Author Discusses a Life in Public Interest Law
October 23, 2008 — The rewards of public-interest law include tiny victories and major ones that take decades to achieve, Abbe Smith, law professor at Georgetown University Law School and co-director of its Criminal Justice Clinic, told students during a visit to Earle Mack School of Law.
Smith’s newly released legal memoir, “Case of a Lifetime,” recounts her efforts to free a woman who was wrongfully convicted of being an accomplice to robbery and murder in 1977. Her client, who had been convicted on a shaky eyewitness account, served more than 28 years in prison rather than plead guilty to the robbery charge. Despite Smith’s painstaking legal efforts over two decades, her client did not leave prison until she became eligible for parole in 2005.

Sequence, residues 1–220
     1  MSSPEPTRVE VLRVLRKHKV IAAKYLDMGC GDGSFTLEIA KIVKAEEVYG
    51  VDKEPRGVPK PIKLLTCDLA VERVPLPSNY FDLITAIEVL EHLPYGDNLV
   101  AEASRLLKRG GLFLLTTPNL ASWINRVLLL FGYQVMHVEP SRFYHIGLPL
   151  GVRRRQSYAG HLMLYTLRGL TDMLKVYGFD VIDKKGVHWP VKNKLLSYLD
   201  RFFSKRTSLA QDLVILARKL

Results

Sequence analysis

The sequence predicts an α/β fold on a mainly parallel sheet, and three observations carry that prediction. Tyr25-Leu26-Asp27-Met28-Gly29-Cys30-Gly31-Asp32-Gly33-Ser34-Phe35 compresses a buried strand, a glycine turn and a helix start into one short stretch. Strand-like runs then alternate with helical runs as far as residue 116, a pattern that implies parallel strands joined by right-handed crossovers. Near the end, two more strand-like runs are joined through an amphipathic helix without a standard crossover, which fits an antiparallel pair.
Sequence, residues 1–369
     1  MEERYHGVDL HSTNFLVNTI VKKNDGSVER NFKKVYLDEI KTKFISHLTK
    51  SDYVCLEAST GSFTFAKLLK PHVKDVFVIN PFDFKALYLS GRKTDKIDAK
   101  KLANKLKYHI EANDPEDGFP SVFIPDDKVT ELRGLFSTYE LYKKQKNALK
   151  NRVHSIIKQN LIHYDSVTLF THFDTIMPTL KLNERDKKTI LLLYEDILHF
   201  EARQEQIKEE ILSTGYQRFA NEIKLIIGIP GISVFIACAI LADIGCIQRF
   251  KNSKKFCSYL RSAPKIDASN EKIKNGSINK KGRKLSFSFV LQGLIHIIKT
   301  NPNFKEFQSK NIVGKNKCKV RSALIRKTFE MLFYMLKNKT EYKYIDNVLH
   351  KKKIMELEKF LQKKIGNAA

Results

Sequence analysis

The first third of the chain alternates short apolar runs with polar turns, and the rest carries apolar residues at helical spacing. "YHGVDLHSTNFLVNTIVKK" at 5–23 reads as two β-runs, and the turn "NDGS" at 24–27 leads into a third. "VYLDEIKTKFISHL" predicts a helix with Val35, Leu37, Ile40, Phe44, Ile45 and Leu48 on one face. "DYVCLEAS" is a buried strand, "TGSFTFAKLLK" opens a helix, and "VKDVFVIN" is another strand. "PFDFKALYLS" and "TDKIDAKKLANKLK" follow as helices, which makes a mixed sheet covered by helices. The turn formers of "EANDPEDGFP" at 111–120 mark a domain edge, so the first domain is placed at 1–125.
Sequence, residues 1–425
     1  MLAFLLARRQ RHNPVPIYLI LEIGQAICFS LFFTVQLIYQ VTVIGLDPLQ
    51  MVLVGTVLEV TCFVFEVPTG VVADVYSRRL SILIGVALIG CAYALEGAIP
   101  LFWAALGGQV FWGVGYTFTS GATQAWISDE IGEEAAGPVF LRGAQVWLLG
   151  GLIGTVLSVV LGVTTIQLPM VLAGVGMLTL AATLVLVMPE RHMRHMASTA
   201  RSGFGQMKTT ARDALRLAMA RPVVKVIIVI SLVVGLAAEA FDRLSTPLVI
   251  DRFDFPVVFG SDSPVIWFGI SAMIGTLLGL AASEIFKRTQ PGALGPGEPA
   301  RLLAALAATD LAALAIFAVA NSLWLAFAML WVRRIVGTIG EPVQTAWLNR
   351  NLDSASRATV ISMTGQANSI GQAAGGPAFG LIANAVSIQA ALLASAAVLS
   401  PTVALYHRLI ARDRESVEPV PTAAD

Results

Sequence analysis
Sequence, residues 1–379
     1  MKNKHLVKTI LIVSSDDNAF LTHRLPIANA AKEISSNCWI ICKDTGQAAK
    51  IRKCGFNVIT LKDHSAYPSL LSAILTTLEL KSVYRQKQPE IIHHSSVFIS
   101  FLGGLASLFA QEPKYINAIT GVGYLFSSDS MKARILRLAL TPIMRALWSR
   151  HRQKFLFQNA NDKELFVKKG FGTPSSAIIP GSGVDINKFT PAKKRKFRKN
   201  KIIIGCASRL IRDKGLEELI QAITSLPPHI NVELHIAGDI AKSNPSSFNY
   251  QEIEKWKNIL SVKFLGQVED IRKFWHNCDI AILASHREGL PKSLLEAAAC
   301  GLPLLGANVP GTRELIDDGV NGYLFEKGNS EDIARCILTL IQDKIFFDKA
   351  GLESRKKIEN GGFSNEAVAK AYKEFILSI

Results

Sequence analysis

The case that haunted Smith also inspired a gripping narrative that offers nuanced insights about relationships between attorneys and clients as well as the legal system.
As a scholar-in-residence, Smith met with faculty and students over the course of two days to discuss the maddening case, the complexities of writing about it and the unseen benefits of defending impoverished clients.
Although writing about clients is a delicate and ethically fraught proposition, Smith told faculty members, doing so is essential.
“I think we have a moral obligation to tell these stories,” said Smith, who previously worked for eight year in the Philadelphia Public Defender’s Office.
During a discussion of the book with faculty and students, Smith acknowledged that personal and cultural similarities and differences affect relationships between attorneys and clients in unpredictable ways.
While public-interest lawyers do not always receive gratitude from their clients, Smith told students in the Justice Lawyering Seminar, there are advantages.
“There’s something really fun in fighting for somebody else,” she said. “And you’re the favorite guest at everybody’s dinner parties.”
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